THE number of Australians to have had their passports cancelled on national security grounds has plummeted, possibly because the security agencies have successfully targeted many of the potential threats.
Sunday, January 20, 2013
By: PAUL MALEY
The sharp drop in security-related passport cancellations comes despite an overall increase in the number of people travelling to foreign hotspots such as Syria to participate in the conflict.
Passport cancellations have been used to great effect by security agencies to ground so-called terror tourists -- Australian citizens travelling to conflict zones such as Syria, Lebanon, Afghanistan or Somalia to train or fight with insurgents.
But in the past two years the number of Australians whose passports have been cancelled on national security grounds has fallen sharply.
In 2008-09, 19 Australians lost their passports on suspicion that they had done, or would commit, a serious foreign offence overseas.
That figure leapt to a high of 51 in 2009-10, partly due to a change in the way the process was conducted, which cleared a backlog.
But in 2010-11 the figure fell to nine, before falling to three in 2011-12. Since then, there have been none.
Among those subject to cancellation were Australians on the run after being accused of serious crimes in foreign jurisdictions and whose passports had been cancelled at the request of local authorities.
A spokesman for Foreign Minister Bob Carr said there was no definitive explanation for the decline, but he suggested it may be because most potential trouble-makers had already been targeted.
"It has been suggested that the reason for the decline is that the previous successful actions have reduced the pool of candidates for whom passport cancellation may be required under the act," the spokesman said.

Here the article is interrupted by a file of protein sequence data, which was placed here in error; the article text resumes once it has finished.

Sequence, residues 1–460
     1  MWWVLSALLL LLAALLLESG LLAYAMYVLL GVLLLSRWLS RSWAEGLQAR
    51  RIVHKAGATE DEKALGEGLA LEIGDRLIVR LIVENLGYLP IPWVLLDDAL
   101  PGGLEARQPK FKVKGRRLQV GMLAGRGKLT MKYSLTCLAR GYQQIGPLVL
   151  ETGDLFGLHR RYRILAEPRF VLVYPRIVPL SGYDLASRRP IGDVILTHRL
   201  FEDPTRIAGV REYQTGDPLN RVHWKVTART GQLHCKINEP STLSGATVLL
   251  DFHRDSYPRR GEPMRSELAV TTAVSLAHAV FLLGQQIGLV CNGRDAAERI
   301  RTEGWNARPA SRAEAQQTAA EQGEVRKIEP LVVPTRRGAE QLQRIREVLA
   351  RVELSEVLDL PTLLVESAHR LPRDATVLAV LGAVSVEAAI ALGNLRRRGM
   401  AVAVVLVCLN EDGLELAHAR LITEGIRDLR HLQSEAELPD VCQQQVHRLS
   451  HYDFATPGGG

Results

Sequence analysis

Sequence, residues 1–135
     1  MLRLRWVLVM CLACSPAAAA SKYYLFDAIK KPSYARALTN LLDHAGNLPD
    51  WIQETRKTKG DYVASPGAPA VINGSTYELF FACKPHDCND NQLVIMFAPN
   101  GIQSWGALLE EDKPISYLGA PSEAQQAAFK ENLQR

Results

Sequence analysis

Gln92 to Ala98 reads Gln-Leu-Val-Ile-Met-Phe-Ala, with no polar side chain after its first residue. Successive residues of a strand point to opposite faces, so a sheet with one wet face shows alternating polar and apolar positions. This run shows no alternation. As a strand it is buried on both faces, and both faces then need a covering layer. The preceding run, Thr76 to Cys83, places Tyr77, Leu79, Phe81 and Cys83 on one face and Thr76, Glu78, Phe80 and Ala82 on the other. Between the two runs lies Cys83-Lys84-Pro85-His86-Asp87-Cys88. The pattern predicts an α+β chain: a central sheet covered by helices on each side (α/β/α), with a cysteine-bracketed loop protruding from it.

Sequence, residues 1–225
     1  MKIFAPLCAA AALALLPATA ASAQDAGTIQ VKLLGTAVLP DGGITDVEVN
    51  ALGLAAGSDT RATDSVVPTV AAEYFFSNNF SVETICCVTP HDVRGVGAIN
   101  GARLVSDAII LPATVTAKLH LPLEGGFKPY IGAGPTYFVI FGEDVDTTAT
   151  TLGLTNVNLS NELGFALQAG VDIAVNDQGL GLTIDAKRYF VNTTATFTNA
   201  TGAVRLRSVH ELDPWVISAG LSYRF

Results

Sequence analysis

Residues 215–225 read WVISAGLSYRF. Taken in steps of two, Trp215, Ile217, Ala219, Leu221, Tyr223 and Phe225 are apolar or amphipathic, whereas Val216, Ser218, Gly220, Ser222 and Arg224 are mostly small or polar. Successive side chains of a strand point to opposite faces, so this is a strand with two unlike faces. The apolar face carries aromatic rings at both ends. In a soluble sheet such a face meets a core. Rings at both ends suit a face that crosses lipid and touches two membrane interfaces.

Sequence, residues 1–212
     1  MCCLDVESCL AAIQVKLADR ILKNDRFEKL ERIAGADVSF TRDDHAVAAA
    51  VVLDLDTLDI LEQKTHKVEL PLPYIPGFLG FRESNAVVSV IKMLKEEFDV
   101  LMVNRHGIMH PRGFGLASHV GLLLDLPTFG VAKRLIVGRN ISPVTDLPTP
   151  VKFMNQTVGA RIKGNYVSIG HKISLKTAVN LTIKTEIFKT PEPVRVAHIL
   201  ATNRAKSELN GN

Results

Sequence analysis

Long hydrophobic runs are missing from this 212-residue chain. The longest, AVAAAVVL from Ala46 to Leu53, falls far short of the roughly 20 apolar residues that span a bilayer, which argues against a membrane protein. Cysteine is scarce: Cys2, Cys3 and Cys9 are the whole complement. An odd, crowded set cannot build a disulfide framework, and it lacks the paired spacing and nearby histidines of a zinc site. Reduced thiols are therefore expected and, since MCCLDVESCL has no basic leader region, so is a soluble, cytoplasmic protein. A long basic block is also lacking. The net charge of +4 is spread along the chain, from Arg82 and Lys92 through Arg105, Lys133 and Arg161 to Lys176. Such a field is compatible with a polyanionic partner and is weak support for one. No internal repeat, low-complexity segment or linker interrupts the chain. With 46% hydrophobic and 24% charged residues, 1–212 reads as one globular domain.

"It takes time for the pool to replenish. There are only so many Australians for whom the intent or actuality of committing a serious foreign offence may apply."
As reported by The Australian, security agencies believe more than 100 dual citizens may be participating in the Syrian conflict. At least three have been killed and another three detained by Bashar al-Assad's regime.
Australia National University professor Clive Williams said the emergence of new threats and theatres of conflict may be another reason why fewer Australians were having their passports cancelled.
He said ASIO's intelligence on individuals aiming to travel to relatively new conflict fronts, such as Syria or Somalia, may not be as good as on traditional threat areas, such as Afghanistan.
"Maybe the Syrian conflict has appealed to a broader number of people in the Muslim community, in which case ASIO might not have such good intelligence," Professor Williams said.
"I suspect most of their intelligence is focused on a small number of people in the Lebanese Muslim community."